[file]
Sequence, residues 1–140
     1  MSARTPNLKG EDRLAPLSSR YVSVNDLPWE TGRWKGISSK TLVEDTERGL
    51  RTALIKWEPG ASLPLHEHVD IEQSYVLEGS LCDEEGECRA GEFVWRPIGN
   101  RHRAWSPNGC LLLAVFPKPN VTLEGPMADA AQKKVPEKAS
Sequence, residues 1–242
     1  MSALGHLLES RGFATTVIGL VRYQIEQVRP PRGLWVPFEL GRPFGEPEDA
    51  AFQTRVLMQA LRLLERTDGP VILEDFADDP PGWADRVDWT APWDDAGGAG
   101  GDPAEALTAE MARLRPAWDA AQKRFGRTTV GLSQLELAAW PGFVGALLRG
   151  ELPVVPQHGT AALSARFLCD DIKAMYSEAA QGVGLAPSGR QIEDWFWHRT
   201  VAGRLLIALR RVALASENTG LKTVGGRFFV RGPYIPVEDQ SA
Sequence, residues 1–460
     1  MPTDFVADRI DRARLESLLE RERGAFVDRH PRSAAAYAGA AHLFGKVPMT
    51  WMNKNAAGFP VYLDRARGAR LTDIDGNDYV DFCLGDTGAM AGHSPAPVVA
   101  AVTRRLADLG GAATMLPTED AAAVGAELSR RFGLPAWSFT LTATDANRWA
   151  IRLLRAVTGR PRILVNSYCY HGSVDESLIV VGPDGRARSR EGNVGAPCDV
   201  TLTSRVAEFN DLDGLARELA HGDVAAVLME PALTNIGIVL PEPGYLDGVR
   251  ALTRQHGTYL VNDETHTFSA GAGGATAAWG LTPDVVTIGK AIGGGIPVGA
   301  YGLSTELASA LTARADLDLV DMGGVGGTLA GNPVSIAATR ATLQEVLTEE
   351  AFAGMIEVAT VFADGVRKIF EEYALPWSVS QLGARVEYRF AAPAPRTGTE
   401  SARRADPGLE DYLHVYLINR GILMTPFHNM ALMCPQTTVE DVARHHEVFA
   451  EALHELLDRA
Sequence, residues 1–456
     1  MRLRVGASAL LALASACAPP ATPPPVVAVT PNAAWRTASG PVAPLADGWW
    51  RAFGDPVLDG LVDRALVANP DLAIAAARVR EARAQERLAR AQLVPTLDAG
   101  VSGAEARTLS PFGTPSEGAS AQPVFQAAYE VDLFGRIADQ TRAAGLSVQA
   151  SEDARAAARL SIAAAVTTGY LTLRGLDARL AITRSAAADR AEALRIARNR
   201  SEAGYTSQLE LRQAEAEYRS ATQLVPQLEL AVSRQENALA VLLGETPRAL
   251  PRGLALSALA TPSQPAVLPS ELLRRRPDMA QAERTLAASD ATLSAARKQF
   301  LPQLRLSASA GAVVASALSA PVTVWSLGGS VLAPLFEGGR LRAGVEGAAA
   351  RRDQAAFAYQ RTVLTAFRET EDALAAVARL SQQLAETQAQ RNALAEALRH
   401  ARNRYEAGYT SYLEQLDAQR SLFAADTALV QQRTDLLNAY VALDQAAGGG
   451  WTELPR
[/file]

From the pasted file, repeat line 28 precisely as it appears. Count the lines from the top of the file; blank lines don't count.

   251  PRGLALSALA TPSQPAVLPS ELLRRRPDMA QAERTLAASD ATLSAARKQF